Kingfisher fights for market share at India’s biggest airport

Image: Dr Vijay Mallya buys into the Spyker F1 team
In addition to having a cool low cost carrier in his brand portfolio Kingfisher boss Dr Vijay Mallya has now also bought into the Spyker F1 team – India is hoping to host its first ever Grand Prix in October 2009 in New Delhi (and thereby delivering a handy 150,000+ passenger boost in the one weekend alone).

Chhatrapati Shivaji International Airport in Mumbai (BOM) is India’s busiest, handling well over 20 million passengers each year, with growth running at around 20%. Kingfisher Airlines, which began operations just two and a half years ago on 9 May 2005, now operates to 42 destinations in India with a rapidly growing fleet of 31 aircraft, consisting of six A321s, 12 A320s, 3 A319s and 10 ATR72-500s. Based on capacity it has around 13% of the Indian domestic market.

An analysis of the airline’s winter schedule shows that Bangalore, Delhi and Mumbai are the three busiest airports in the airline’s network, each providing around 30 daily departures.

Chart: Top Cities served by Kingfisher W07
Source: Kingfisher website

Mumbai offers most destinations

Map: Mumbai routesA total of 14 destinations are served by Kingfisher from Mumbai. On two routes, to Guwuhati and Hubli, it is the only carrier and on Bhuj it faces competition from only Jet Airways. However, many of the other routes are highly competitive. Customers wishing to travel between Mumbai and Delhi have a staggering choice of nine airlines to choose from, each of which offers at least three daily frequencies.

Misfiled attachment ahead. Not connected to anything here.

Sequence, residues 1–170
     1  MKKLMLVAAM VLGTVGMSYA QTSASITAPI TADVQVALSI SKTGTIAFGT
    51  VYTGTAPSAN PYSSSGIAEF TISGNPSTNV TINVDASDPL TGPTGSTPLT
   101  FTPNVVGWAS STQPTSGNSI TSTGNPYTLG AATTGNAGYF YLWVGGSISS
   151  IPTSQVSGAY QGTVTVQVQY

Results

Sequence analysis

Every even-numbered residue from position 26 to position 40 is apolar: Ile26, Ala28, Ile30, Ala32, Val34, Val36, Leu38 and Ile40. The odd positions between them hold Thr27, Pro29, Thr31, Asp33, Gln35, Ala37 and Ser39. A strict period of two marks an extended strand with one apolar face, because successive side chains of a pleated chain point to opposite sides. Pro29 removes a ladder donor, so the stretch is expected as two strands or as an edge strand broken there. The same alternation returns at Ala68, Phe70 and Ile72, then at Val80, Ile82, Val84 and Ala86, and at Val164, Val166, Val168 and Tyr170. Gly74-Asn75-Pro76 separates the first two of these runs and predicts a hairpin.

A similar situation exists on flights between Mumbai and Bangalore where Kingfisher faces competition from Air Deccan, Air India, Go Air, Indian, Indigo, Jet, JetLite (formerly known as Air Sahara) and Spicejet. For a more detailed insight into the pricing on this route see this week’s farewatch.

Table: Kingfisher departures

Fourteen of Kingfisher’s 32 daily departures are on these two highly competitive routes. The other 18 daily departures are spread across 12 routes, with each route served at least daily.

Image: KingfisherKingfisher the global brand

If starting up an airline is generally considered an exciting way to lose a lot of money, then buying a Formula 1 Grand Prix team is probably even more of a risk. Having got an appetite for the sport by sponsoring the Toyota F1 team in 2007, Kingfisher’s flamboyant boss Dr Vijay Mallya has now gone one better by buying into the Spyker F1 team and being allowed to re-name it as Force India Formula One. No drivers have yet been confirmed for 2008. India is hoping to host its first ever Grand Prix in October 2009 in New Delhi.

Image: Kingfisher


Comments are closed